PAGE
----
writers on dancing


God Is In the Details

Alvin Ailey American Dance Theater
Opera House
The John F. Kennedy Center for the Performing Arts
Washington, DC
February 22, 23 and 26, 2005

by Christopher Correa
copyright ©2005 by Christopher Correa

A young man steps center stage, placing each foot into the pool of light streaming over him, like a duckling taking to the pond for the first time. He dips and treads in the pale, yellow cone until it starts to fade, forcing him to seek out more illumination. He extends a curious arm and another misty beam pours forth before him. Admittedly, this is a familiar, one could say borderline commonplace, setup for a dance work of the—dubious sigh, please—modern variety. But fears of the mundane were evaporated when something truly magical happened. The young man took flight, right before our eyes. This did not happen in the metaphorical sense (i.e. the one you’d use to describe the halcyon days when Fred and Ginger seemed to float off the screen). Nor did this represent the latest in theatrical aeronautics (i.e. bungee cords and a suspension of disbelief). No, friends if you have yet to be introduced to him, allow me: he is Clifton Brown of Alvin Ailey American Dance Theater. And with the solo piece titled “Caught,” originally staged in 1982 by David Parsons, he really did appear to be defying the states of space and time and, for a brief moment, he levitated.

To clarify, this was all the product of an illusion, of course, as all real magic is. And as always with the most miraculous of fantastical sciences, the emotional resonance one experiences as a result is the true special effect. Brown, a one-man smoke and mirror factory, single handedly coaxed hearts to rise up in the throats of everyone in the Kennedy Center Opera House. The sound of an entire theatre exhaling in astonishment left sonic echoes that rattled the walls.

Brown, assisted by the wonderful lighting designer Howell Binkley and Elizabeth Koeppen’s diamond-sharp direction, was caught mid-roundhouse kick, mid-somersault, mid-air. Dancing across a dark stage, strobe pulses burned his postures and movements in split-second suspended animation. With every flash of light, fragments of body patterns were captured and strung together like a flipbook. One volley of light depicted Brown jerkily walking—three feet above the floor. Another placed him at a constant hover, skimming delicately as a water strider. Accompanied by Robert Fripp’s rippling music, the choreography came to a thrilling head when the spotlight returned to reveal Brown standing center stage again, ramrod-straight, as though he’d been there all along.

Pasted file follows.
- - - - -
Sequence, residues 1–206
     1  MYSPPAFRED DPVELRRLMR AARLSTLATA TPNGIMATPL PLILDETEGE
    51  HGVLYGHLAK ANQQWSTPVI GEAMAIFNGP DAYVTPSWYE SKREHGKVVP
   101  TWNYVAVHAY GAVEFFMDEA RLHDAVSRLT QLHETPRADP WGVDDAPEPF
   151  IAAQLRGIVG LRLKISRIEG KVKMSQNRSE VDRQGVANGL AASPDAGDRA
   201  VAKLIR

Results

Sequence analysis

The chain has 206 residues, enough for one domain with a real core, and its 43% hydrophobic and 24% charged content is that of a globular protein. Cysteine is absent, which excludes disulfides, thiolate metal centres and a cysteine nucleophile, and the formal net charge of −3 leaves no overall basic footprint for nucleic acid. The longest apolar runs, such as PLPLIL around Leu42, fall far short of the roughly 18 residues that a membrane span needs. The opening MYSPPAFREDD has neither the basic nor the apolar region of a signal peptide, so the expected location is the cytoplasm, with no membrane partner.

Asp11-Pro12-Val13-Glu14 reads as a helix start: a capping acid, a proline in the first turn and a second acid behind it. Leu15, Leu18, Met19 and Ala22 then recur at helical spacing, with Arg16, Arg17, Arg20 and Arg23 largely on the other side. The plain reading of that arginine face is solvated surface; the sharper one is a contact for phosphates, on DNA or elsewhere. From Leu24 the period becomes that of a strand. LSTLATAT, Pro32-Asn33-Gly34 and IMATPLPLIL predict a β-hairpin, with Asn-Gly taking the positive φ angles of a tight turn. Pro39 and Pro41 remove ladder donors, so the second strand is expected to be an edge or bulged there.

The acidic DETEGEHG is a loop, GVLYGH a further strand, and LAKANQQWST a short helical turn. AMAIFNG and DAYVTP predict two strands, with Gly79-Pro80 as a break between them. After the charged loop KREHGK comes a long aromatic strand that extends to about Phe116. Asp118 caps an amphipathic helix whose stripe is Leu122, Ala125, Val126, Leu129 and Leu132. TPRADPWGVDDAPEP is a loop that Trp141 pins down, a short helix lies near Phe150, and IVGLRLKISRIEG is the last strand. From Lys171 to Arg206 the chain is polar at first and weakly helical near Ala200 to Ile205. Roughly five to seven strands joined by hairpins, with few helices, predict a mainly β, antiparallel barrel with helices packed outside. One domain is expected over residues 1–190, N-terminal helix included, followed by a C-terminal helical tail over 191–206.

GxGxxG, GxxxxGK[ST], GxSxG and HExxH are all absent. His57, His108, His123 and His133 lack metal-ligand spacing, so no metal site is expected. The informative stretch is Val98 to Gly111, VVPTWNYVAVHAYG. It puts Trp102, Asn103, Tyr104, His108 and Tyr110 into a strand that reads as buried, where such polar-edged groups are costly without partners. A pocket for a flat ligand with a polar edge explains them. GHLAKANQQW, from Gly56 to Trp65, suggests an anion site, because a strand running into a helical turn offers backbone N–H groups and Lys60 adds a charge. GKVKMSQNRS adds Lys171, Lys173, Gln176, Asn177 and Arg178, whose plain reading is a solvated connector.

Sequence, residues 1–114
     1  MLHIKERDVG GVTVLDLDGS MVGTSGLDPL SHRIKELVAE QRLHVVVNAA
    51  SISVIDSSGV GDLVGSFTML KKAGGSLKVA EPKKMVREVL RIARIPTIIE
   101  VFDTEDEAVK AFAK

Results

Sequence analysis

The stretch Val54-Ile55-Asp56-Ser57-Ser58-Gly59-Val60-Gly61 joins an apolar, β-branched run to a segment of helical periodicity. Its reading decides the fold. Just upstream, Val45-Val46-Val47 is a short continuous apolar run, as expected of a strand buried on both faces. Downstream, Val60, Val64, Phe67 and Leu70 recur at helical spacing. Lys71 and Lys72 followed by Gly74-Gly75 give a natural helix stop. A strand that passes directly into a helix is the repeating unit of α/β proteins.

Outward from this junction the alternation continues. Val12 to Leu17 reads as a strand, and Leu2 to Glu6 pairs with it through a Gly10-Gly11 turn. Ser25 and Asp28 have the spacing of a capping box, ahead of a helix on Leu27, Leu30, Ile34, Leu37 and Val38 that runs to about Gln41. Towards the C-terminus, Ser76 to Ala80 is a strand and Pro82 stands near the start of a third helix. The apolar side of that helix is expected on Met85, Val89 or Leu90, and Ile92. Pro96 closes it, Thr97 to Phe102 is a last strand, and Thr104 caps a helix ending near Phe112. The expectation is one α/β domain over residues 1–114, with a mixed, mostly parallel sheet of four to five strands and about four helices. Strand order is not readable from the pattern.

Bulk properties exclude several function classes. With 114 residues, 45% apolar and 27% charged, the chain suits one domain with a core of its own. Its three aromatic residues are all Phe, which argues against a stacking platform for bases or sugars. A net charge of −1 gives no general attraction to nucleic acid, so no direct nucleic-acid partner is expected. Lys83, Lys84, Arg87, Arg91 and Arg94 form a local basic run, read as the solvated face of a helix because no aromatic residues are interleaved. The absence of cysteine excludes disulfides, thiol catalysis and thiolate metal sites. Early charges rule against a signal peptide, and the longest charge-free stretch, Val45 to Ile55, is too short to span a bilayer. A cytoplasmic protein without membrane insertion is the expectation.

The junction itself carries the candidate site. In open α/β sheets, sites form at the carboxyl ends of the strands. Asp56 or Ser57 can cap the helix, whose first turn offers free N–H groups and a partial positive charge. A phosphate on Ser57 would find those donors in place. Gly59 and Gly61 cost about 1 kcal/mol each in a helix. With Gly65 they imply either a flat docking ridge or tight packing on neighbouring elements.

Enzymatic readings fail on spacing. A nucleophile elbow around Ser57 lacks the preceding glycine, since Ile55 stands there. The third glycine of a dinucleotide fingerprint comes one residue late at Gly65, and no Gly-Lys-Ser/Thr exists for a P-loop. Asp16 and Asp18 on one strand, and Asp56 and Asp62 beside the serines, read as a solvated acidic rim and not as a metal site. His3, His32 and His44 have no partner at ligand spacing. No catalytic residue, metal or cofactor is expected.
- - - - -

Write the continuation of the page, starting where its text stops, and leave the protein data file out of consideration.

If “Caught” represented the most exhausting work of the night (to execute as well as to watch, at a heart-racing seven or so minutes), its thematic kindred, called “Vespers,” rounded off Act One, night one, with similarly cold black and white imagery but also a degree of fluidity that melted the ice.

“Vespers,” Ulysses Dove’s 1986 dance piece for six women, planted its principals on a quiet stage, working with and off of each other in constantly wheeling symbiosis. At first only one dancer sat on a chair, stage left, arching her head back and forth, looking to the heavens and then back down at her feet. The others joined her in a row, all seated, the head rocking taking on a domino effect among them; they looked like churning pistons. The steps, like the costumes, were simple yet elegant, full of curves and cuts, but almost smooth enough to be prêt-à-porter: they made it look easy, like any of us could turn sitting into a chic gymnastic.